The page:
It’s no secret that Nintendo’s extensive back library is one of the most underappreciated treasure troves in contemporary gaming. But, according to Eurogamer, it’s likely to get a bit less untapped soon, since games from the Game Boy and Game Boy Color libraries are reportedly planned to join Nintendo Switch Online.
Nintendo Switch Online, or GPFROG (Game Pass For Really Old Games), gives users access to over 100 games from the NES and SNES, including Super Metroid, Super Mario World, and The Legend of Zelda: A Link to the Past, among others. If you want to play any of the more current games online, you’ll need to sign up for the service as well. The cost of a subscription is $4 per month or $20 per year.
On an edition of the Nate the Hate podcast earlier this week, rumors concerning the addition of Game Boy games began to circulate. Nintendo Life confirmed the podcast’s claim on Tuesday, citing its own sources. Then, this morning, Eurogamer backed up Nintendo Life’s confirmation of the news. So, it appears that we’ll be playing classic Game Boy games on the Switch as soon as this month.
However, the actual date is unknown.
For a while, we wondered if Nintendo would follow the NES and SNES Classics’ lead and release charming limited-edition small USB versions of its Game Boy or Nintendo 64, complete with preloaded games.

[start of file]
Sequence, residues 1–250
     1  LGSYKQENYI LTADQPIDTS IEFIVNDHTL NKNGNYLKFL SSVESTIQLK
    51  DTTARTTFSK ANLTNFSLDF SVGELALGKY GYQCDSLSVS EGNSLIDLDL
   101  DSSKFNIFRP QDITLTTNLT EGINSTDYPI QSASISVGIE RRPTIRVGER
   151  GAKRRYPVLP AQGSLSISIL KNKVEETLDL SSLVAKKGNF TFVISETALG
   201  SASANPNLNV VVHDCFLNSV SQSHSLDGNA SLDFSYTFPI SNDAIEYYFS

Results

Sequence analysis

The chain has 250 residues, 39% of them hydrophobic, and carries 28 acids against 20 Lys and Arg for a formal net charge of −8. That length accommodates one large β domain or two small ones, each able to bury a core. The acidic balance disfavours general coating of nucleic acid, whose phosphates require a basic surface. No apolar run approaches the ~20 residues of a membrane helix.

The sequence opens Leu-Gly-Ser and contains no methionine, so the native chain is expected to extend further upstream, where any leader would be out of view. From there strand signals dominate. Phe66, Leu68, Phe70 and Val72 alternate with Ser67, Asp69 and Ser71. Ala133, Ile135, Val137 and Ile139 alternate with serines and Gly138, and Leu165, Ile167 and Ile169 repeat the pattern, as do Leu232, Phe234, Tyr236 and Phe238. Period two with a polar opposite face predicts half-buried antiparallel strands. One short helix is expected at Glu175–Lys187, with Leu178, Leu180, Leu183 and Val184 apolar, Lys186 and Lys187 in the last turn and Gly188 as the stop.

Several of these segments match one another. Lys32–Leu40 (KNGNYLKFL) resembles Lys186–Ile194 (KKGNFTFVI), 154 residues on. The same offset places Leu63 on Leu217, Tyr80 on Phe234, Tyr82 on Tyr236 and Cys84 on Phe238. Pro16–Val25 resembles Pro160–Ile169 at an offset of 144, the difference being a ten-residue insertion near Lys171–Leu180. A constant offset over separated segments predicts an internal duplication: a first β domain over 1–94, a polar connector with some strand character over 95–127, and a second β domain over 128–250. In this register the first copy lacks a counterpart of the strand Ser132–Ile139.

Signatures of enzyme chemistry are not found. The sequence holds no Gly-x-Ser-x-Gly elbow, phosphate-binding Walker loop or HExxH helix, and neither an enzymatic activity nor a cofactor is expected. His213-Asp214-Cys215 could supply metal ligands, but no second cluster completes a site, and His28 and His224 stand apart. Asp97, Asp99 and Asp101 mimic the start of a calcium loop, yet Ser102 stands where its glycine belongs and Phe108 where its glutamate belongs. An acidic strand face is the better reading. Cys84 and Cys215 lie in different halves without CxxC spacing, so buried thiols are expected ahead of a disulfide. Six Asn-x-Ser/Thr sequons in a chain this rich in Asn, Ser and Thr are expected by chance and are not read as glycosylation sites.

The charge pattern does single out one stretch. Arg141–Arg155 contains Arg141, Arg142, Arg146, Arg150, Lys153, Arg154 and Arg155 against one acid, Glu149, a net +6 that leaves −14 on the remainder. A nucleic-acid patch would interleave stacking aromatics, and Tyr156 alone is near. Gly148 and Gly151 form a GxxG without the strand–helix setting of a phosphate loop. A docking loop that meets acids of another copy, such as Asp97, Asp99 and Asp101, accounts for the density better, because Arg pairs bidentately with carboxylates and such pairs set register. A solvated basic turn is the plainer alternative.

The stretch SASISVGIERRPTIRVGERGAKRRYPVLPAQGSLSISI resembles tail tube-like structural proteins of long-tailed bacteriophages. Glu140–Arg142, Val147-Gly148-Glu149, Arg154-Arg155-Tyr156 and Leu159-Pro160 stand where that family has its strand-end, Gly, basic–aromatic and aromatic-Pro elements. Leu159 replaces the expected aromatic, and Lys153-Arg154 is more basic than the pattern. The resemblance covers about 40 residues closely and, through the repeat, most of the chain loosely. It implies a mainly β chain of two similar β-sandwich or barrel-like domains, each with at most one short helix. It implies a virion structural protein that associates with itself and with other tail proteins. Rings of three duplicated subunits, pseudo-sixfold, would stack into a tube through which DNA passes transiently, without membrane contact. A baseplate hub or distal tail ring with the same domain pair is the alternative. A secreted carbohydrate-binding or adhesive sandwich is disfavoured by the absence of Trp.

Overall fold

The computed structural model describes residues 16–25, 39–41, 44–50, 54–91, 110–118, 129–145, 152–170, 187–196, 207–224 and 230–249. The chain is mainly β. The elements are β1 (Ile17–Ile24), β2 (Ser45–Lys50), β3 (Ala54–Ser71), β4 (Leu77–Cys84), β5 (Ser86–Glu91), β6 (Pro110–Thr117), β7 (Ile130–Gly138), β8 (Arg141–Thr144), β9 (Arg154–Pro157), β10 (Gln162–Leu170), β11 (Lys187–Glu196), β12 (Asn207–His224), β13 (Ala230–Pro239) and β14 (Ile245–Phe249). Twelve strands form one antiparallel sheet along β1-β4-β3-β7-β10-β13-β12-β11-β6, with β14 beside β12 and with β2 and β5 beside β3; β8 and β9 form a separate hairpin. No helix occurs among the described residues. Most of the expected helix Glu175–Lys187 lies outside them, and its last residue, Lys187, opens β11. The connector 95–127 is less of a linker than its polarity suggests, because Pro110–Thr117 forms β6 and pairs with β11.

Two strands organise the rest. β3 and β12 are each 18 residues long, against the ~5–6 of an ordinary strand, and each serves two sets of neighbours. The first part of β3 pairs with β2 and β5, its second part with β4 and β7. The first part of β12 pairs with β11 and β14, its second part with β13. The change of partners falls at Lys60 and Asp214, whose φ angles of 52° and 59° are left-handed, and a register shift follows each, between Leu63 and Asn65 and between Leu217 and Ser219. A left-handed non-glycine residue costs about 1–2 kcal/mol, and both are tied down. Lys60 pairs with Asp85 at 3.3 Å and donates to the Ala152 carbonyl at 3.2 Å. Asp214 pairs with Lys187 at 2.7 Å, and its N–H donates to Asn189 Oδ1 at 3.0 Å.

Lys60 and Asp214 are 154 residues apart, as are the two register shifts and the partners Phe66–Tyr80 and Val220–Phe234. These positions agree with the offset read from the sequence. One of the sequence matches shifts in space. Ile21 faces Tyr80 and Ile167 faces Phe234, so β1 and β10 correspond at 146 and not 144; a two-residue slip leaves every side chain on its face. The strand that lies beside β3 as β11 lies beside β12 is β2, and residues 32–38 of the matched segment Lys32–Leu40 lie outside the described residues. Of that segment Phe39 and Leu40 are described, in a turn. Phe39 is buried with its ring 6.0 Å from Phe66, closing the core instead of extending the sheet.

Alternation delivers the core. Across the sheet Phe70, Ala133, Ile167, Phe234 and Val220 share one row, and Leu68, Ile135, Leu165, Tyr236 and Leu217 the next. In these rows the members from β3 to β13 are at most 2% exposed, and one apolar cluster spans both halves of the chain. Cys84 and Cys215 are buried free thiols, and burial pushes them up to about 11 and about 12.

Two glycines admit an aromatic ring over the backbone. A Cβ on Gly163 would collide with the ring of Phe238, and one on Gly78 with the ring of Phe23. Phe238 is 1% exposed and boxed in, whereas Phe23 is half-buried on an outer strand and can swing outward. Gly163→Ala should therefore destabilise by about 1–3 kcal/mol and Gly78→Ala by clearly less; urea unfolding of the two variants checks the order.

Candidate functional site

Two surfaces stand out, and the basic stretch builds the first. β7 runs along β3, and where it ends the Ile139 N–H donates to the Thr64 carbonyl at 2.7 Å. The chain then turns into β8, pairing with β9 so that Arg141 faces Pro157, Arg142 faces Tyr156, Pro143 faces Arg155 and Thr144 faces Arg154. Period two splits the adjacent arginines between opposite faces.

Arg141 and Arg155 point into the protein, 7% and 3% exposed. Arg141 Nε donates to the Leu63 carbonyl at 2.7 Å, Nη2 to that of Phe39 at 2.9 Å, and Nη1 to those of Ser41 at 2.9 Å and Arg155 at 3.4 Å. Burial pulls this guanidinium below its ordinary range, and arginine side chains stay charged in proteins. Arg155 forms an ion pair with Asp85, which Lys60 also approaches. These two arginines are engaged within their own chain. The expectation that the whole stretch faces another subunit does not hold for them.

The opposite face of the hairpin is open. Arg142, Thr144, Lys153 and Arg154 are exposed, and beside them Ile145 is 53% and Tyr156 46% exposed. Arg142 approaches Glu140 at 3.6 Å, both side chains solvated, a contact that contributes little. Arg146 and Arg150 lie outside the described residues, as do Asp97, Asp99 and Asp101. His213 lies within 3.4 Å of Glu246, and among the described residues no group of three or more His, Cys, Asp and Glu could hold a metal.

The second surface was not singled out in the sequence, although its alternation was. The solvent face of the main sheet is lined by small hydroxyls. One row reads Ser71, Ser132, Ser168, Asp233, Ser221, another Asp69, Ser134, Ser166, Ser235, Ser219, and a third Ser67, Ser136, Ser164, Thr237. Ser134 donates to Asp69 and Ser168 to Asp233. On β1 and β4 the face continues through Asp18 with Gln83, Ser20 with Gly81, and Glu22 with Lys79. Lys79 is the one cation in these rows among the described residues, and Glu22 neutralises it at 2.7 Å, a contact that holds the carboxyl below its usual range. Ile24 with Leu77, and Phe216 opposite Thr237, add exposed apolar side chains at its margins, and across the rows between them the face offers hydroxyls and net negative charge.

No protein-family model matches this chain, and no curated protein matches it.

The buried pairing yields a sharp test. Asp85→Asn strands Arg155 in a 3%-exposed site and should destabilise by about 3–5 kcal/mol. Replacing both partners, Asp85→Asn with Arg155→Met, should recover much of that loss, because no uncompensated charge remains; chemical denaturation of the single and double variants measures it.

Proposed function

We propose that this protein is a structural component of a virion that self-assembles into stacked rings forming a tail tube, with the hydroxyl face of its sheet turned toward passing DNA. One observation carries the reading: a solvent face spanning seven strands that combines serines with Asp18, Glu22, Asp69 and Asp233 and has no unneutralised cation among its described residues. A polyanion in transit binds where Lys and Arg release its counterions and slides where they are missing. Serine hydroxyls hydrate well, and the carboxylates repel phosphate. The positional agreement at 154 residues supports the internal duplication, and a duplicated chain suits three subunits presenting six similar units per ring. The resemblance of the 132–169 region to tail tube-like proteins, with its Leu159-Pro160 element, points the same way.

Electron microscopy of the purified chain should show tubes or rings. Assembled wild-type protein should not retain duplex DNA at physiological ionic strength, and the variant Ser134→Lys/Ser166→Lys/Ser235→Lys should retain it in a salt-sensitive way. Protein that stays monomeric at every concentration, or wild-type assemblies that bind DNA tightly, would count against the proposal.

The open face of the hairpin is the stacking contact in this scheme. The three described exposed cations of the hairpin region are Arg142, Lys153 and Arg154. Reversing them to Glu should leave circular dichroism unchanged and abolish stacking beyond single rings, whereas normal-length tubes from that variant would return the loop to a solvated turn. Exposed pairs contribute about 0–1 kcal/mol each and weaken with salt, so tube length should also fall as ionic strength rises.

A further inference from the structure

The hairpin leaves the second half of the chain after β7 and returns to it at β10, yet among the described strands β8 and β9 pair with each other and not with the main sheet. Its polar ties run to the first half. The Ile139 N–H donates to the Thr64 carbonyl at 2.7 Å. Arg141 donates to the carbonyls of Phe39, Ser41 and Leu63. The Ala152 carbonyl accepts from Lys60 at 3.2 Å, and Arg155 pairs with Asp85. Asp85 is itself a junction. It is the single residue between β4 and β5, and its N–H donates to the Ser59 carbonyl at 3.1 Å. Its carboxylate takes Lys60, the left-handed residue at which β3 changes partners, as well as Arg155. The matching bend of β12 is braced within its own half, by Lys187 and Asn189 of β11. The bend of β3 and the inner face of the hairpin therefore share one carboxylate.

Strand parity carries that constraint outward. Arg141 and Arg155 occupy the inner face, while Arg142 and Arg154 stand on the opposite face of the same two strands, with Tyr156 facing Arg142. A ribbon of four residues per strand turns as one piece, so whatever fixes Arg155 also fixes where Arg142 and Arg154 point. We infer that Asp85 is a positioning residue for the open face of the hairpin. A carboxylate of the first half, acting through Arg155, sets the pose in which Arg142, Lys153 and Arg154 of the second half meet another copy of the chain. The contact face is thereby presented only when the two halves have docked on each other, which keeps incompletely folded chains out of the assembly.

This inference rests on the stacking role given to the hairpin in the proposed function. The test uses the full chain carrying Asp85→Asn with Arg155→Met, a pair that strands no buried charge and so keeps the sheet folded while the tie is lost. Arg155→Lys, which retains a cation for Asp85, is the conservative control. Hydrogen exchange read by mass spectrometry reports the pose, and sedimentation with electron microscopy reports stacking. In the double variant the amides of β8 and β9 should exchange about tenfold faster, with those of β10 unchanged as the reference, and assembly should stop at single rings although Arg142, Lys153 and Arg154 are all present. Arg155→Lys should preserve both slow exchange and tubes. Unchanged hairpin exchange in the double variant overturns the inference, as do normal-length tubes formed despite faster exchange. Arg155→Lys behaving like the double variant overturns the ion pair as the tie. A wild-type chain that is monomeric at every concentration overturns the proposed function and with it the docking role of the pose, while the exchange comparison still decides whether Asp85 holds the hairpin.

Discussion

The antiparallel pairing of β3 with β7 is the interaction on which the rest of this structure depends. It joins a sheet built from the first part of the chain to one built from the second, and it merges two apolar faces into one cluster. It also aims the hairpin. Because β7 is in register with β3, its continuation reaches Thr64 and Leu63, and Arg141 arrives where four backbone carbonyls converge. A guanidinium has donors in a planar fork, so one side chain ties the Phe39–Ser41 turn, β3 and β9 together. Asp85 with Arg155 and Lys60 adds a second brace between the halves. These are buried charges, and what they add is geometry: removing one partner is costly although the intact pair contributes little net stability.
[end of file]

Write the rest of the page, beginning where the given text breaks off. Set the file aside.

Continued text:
However, the Game Boy’s 30th anniversary passed without a smaller Game Boy, and now the world is experiencing a chip scarcity. I’d like to see more possibilities to introduce new gamers to old favorites, not simply remakes like Link’s Awakening (originally on Game Boy, Game Boy Color).
Let’s hope for the Game Boy Advance, too, because fans of the new Metroid Dread deserve to play its amazing prequel Metroid Fusion, and the Game Boy Advance has produced some of the best Fire Emblem games ever. Oh, and there’s also Golden Sun. Other systems, besides the Game Boy and Game Boy Color, may be “on the cards,” according to Eurogamer.
The addition of original Game Boy games to the Switch Online library is an obvious next step for the service. It all started with a handful of NES games. It added more games from that platform over time, and then a slew from the SNES in 2019. On September 18, the service will be three years old.